37 BINARY_MULTIPLY      
             38 LOAD_NAME                3 (__inline1f22840__z) 
             41 BINARY_ADD           
             42 STORE_NAME               4 (__inline1f22840____returnval__) 

260          45 LOAD_NAME                5 (print) 
             48 LOAD_NAME                4 (__inline1f22840____returnval__) 
             51 CALL_FUNCTION            1 
             54 POP_TOP              
             55 LOAD_CONST               5 (None) 
             58 RETURN_VALUE         

The idea is that a further optimization pass would go through and ellide the unnecessary store-to-local/load-from-local instructions, followed by const folding, getting this down to:
   LOAD_CONST (<code object>)
   STORE_NAME (function_to_be_inlined)
; inlined callsite:
   LOAD_NAME  (print)
   LOAD_CONST (29)

The biggest issue here is dealing with runtime differences between which function was inlined, and which function is being called, either via monkeypatching, or in method calls - we can inline intra-method calls within one class, but we have to cope with overriding of those methods in subclasses.

Thinking aloud of a way of solving this (this isn't implemented yet):
   add to AST:
     Specialize(expr name,
                stmt* specialized,
                stmt* generalized)

where you have some interpretation of name (e.g. "self.do_something"), and carry two different implementations.

  so that e.g.
  class Something:
     def foo(self, x, y, z):
           ... # some code
 , y, z)
           ... # more code
     Call(Attribute(Name(id='self'), id='bar'), args=[etc])
     Specialize(name=Attribute(Name(id='self'), id='bar'),
                specialized=[inlined implementation of for "self"],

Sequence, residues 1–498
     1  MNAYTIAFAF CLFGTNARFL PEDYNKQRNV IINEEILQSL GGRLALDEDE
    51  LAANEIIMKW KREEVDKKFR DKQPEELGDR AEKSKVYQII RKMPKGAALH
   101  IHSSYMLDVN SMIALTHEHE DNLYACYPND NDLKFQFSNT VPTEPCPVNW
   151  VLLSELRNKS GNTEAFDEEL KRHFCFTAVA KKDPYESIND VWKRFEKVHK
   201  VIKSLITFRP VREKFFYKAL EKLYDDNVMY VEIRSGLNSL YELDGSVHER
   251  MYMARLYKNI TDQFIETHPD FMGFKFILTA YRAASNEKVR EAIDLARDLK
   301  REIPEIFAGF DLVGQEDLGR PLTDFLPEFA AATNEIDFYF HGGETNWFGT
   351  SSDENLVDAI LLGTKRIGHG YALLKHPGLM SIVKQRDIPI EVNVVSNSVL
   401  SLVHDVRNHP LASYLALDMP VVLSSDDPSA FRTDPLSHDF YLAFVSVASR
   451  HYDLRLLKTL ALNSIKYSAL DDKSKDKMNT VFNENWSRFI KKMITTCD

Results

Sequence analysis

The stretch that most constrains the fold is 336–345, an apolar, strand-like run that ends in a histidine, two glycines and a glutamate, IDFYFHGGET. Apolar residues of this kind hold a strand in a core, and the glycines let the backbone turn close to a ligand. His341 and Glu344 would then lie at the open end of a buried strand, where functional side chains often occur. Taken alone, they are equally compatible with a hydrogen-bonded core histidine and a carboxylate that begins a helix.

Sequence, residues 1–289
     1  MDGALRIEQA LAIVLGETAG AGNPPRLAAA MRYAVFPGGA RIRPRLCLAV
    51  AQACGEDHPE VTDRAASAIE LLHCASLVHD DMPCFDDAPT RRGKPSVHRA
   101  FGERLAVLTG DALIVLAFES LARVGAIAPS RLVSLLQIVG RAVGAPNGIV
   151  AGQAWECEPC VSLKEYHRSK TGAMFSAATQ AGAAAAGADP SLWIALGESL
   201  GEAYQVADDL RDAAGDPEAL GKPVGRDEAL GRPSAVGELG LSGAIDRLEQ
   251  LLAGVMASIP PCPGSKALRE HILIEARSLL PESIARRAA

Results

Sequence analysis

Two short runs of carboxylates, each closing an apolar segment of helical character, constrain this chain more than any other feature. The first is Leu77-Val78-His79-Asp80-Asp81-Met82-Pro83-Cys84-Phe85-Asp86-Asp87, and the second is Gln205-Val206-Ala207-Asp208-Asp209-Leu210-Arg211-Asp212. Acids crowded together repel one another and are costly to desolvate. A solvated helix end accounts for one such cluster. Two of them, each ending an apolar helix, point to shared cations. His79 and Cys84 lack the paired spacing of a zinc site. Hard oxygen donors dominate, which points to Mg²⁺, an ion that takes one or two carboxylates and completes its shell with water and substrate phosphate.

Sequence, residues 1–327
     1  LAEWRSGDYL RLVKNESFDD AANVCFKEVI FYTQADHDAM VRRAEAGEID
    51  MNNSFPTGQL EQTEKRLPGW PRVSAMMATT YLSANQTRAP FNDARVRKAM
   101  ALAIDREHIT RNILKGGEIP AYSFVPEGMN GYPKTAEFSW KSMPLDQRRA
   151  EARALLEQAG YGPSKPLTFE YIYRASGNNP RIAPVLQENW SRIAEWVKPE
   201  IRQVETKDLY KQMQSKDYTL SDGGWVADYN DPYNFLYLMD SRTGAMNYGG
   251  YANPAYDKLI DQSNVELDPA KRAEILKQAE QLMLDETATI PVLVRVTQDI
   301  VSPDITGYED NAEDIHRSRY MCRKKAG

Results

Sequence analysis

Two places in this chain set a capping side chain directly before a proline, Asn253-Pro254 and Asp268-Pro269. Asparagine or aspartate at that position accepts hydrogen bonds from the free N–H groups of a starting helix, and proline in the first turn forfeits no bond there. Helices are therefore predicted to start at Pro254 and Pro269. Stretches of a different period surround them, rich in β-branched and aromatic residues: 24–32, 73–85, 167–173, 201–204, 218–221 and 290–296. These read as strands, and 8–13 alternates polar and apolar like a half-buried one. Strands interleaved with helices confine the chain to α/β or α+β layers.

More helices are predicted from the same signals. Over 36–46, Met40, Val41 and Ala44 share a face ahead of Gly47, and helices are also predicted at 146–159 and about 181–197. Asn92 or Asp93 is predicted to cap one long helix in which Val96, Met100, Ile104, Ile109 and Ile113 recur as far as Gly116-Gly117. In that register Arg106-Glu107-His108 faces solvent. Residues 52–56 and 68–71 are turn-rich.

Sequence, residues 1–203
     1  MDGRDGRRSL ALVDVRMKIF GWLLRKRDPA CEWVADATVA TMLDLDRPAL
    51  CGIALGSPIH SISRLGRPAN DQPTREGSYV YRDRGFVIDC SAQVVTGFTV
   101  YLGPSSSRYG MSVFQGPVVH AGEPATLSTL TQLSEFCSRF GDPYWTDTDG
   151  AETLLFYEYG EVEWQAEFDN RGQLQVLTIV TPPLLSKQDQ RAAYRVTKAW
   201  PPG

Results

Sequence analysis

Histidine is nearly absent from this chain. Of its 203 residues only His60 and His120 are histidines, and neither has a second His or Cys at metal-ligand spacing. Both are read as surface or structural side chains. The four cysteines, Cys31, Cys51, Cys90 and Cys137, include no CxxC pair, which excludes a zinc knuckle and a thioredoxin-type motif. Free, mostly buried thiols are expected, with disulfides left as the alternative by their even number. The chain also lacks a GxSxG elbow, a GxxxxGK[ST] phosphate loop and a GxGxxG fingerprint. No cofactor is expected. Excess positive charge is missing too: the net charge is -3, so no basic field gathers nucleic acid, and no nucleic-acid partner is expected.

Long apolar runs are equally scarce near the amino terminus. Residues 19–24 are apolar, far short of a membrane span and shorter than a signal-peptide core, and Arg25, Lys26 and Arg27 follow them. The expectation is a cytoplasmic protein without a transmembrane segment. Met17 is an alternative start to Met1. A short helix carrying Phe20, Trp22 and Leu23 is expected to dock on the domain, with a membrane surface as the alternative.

generalized=[Call(Attribute(Name(id='self'), id='bar'), args=[etc])])

Similarly, would need a new bytecode, say "JUMP_IF_SPECIALIZABLE"

      LOAD_NAME (self)
      GET_ATTR  ('bar')
  ; method is now on top of stack
      LOAD_CONST (<code object for the regular implementation of "bar">)
      JUMP_IF_SPECIALIZABLE -> label_inline_body
  ; Start of non-inlined call
      eval and push args
      JUMP_ABSOLUTE -> label_after
  ; ...end of non-inlined call; return value is top-of-stack

      eval args (potentially optimizing with knowledge of what's to come)
      inlined call
      push "return value"
  ; ...end of inlined call; "return value" is top-of-stack


   ; etc

TOS    : A: code object we inlined for (via a LOAD_CONST, injected by the inliner)
TOS -1 : B: function object via runtime lookup (LOAD_GLOBAL, or e.g. LOAD_LOCAL "self"; GET_ATTR "do_something")

  if B's __code__ is A, we can specialize:
     PC += oparg
     PC += 1

I'm not sure if this covers all cases (e.g. specializing a CFunction such as the builtins), or if this a sane approach that actually works; need to have a standard interpretation of what a name lookup means, and to inject LOAD_CONST of that value into the bytecode, for use by the JUMP_IF_SPECIALIZABLE operation.

As I understand it, functions are "name-resolved" before the arguments are evaluated, so if argument evaluation leads to the name being bound to a different function (as a side effect), the status quo in CPython currently is that the old function is used for that call; JUMP_IF_SPECIALIZABLE would preserve that behavior.